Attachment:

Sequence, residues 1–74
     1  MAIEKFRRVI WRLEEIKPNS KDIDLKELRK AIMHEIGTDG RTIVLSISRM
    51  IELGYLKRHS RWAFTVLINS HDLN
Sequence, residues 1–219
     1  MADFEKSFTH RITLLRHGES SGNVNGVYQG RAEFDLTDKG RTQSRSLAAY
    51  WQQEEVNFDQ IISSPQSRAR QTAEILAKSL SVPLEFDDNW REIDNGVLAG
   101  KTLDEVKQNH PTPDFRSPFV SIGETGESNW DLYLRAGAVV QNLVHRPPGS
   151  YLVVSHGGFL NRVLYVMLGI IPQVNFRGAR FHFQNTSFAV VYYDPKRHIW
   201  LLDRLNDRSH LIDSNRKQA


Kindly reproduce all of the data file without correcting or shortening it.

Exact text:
Sequence, residues 1–74
     1  MAIEKFRRVI WRLEEIKPNS KDIDLKELRK AIMHEIGTDG RTIVLSISRM
    51  IELGYLKRHS RWAFTVLINS HDLN
Sequence, residues 1–219
     1  MADFEKSFTH RITLLRHGES SGNVNGVYQG RAEFDLTDKG RTQSRSLAAY
    51  WQQEEVNFDQ IISSPQSRAR QTAEILAKSL SVPLEFDDNW REIDNGVLAG
   101  KTLDEVKQNH PTPDFRSPFV SIGETGESNW DLYLRAGAVV QNLVHRPPGS
   151  YLVVSHGGFL NRVLYVMLGI IPQVNFRGAR FHFQNTSFAV VYYDPKRHIW
   201  LLDRLNDRSH LIDSNRKQA